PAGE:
What began Sunday morning as an attempt by the Miami-Dade elections department to let more people early vote devolved into chaos and confusion only days before the nation decides its next president.
Call it the debacle in Doral.
Elections officials, overwhelmed with voters, locked the doors to their Doral headquarters and temporarily shut down the operation, angering nearly 200 voters standing in line outside — only to resume the proceedings an hour later.
On the surface, officials blamed technical equipment and a lack of staff for the shutdown. But behind the scenes, there was another issue: Miami-Dade Mayor Carlos Gimenez.
The Republican had never signed off on the additional in-person absentee voting hours in the first place.
“That was counter to what I said on Friday, which was we were not going to change the game mid-stream,” he said. “I said, ‘No, there’s no way we did this.’”
But Gimenez, who is in a nonpartisan post, quickly realized it was better to let the voting go on, and the voting resumed.
The mayor said he found out early Sunday afternoon — from his daughter-in-law — about the extra voting hours.
The move had been approved by Deputy Mayor Alina Hudak at the request of Elections Supervisor Penelope Townsley. The plan was simple: Allow voters to request, fill out and return absentee ballots in person for four hours Sunday afternoon.
Early voting the Sunday before Election Day used to be allowed. But it was eliminated by the GOP-controlled state Legislature and Republican Gov. Rick Scott last year after Barack Obama used early voting to help him win Florida in 2008 — and therefore the presidency.
Gimenez said his initial reaction was to stop the last-minute Sunday voting.
But by then, around 180 people stood in line outside the elections office at 2700 NW 87th Ave. They shouted “Let us vote!” and banged on the locked glass doors.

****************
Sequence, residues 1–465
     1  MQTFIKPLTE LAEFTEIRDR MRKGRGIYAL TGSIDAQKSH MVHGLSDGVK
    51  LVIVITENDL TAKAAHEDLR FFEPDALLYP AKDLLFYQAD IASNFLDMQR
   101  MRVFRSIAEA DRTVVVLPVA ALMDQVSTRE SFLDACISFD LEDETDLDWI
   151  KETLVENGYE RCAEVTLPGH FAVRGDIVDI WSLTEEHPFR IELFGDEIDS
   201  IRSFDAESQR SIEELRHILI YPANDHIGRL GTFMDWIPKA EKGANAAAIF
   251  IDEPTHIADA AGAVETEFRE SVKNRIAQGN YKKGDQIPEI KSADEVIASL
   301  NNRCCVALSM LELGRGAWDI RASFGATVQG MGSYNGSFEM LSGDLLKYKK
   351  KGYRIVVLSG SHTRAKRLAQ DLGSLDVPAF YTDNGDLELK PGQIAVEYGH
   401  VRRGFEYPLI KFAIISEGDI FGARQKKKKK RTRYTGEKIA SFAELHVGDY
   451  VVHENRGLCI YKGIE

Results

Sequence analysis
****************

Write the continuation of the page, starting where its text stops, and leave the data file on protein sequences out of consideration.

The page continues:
“This is America, not a third-world country,” said Myrna Peralta, who waited in line with her 4-year-old grandson for nearly two hours before the doors closed. “They should have been prepared.”
“My beautiful Sunshine State,” she lamented. “They’re not letting people vote.”
Minutes earlier, a department spokeswoman had said the office did not have enough resources — only one ballot printer, five voting booths and two staffers — to handle the throng of voters and would begin turning new voters away.
“We had the best of intentions to provide this service today,” spokeswoman Christina White had said. “We just can’t accommodate it to the degree that we would like to.”
Calvin Sweeting, a 59-year-old from Opa-locka, was told he would be the last person to vote.
“They said I was the lucky one,” he said, shrugging. “It didn’t seem fair to me.”
Or to Jean Marcellus, 52, who stood behind him.
“This is ridiculous,” Marcellus shouted, holding up the ticket he was given to secure his place in the queue. “I’m the next one!”
Nearly all the voters stayed in line until a campaign worker reported her car had been towed from a private parking lot across the street. Scores of people ducked out of the line to check on their own cars. A second car had been towed.